Modification two was that while gluing the strips together, both for the sides of the case and for the lip, I used dots of hot glue on every other strip, instead of on every strip. This meant half as many glue dots to break to get things lose.

Yesterday was the moment of truth. I set up the jig as I'd imagined. I have a picture of it at my flickr, but flickr no longer gives me code I can imbed in this page. If you'd like to see it, it's here:
https://www.flickr.com/photos/catsittingstill/22068994693/in/dateposted-public/

And it worked fine! Balanced on three soup cans (with plastic underneath in case the cans didn't stand up to the pounding) it was stable enough and held the lid nicely suspended so that I could use a wood mallet and a short straight piece of 2x2 to whack the lid off. It took me less than five minutes all told. The cans were fine and I put them back in the kitchen cabinet. It was sooo much easier than the last time I took a lid off.

With a little luck it will be that much easier to get the jig out also; we'll see when the time comes.

On the down side I still tore the fiberglass in a couple of places. I wonder if it would be better to cut the lip strips 1 and 1/4 inch long instead of 1 inch. Maybe that would give a little more space to let the strength of the fiberglass distribute the force of the blow.

But I can fix those little tears so you won't be able to tell where they happened.

In the meantime using half as much hot glue has really sped up the cleanup on the inside also. I've put in about an hour on it and I think I'm about half done. It looks like I'm nearly done but I always end up cleaning up little fiddly details that take longer than you would think. I bought a dremel tool that has sped up that clean up a lot also--it doesn't mind sanding hardened dookie shmutz (expoxy mixed with sawdust, used to fill gaps between the top and the lip before fiberglassing.) It has the texture of peanut butter until it hardens so it can droop and run and need to be sanded smooth, and the inside of the lip is hard to get to so my other alternative is hand sanding which takes quite a bit of time.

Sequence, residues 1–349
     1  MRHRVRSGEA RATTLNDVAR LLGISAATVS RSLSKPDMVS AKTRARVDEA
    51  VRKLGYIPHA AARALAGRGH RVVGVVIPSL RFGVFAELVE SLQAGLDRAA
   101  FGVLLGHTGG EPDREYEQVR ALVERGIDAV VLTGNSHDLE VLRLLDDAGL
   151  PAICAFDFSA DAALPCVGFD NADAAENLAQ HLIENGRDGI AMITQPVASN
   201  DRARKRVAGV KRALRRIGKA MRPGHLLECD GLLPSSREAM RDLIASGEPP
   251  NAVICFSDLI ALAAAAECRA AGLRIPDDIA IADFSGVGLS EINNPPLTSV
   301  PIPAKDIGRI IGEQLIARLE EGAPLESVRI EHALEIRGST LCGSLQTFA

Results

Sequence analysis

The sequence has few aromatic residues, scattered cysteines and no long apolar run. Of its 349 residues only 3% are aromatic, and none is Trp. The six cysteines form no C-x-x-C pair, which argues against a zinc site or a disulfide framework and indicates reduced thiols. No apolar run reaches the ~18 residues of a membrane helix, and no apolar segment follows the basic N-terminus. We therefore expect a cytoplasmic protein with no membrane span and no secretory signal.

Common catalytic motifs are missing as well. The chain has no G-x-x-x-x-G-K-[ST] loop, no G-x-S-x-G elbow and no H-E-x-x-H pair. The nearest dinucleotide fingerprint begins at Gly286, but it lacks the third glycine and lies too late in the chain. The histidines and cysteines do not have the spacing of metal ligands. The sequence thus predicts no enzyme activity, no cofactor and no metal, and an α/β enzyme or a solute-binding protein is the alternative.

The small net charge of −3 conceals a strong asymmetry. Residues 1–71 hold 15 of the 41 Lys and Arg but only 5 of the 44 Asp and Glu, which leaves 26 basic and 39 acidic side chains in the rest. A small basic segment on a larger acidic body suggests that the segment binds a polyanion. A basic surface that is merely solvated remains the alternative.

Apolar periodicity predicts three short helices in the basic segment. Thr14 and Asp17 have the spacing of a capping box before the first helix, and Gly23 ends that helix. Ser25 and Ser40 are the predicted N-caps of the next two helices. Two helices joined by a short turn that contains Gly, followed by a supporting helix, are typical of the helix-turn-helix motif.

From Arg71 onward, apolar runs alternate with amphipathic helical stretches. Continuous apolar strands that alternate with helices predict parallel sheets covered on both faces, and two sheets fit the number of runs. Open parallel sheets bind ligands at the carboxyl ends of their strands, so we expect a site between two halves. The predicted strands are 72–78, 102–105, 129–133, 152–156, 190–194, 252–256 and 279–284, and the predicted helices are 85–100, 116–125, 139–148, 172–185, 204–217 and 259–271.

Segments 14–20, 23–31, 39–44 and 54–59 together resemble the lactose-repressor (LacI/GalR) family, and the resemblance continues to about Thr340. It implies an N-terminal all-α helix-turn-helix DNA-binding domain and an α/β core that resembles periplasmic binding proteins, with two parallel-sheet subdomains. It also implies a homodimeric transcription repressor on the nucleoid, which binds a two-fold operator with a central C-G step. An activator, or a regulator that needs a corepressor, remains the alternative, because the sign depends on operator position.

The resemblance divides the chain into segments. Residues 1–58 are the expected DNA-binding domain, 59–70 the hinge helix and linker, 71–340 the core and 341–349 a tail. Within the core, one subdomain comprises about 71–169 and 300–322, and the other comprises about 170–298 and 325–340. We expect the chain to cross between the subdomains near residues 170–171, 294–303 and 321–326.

So that's where I am on that. The next stage on the lid will be fixing the tears/finishing smoothing the inside, fiberglassing the inside, and the next stage on the body of the case will be removing the screws, and drilling out and plugging the holes they left.

In other news I have my good bodhran back and have been working on playing it a bit, trying to work out ways to make the techniques Brenda showed me work on my comparatively tiny little drum. I can't help but notice that Amazon has actual Irish bodhrans for sale, with the cutout so you can snug them. "The cutout" means part of the rim is cut away so that you can trap the drum between your forearm and your ribs (called snugging it) to hold it steady while you let go of the handle and damp the drumhead in various ways with your left hand from the back of the drum while holding the beater in your right hand to strike the front of the drum. This lets you get different tones out of it. I can't snug my drum very well--partly because it has no cutout and partly because its diameter is about 4" smaller than a regular bodhran and also I am tall with long forearms which doesn't help--and have been using different combinations of free fingers to touch the drumhead while holding the drum handle, but that changes the tone in a more limited way.

Maybe I'll ask for an Irish bodhran for Christmas.

Also I have poked google repeatedly looking for a bodhran beater with rubber balls on the ends like Brenda has because that one was very bouncy and fun, but I can't find one so far. They don't seem to be a regular thing. The shopsmith can be a lathe, though I haven't set that up yet, so maybe I could make my own beaters, but I'm not sure how I'd go about attaching rubber balls...
catsittingstill: (Default)
Boy, have I been making progress!

I put in the ring-posts to allow me to snap straps on the case and carry it like a backpack. This meant varnishing would have to happen around the ring posts, which was not ideal, but once the kit-box was in, access to the inside would be pretty restricted, and I figured it would be easier to install the ringposts first.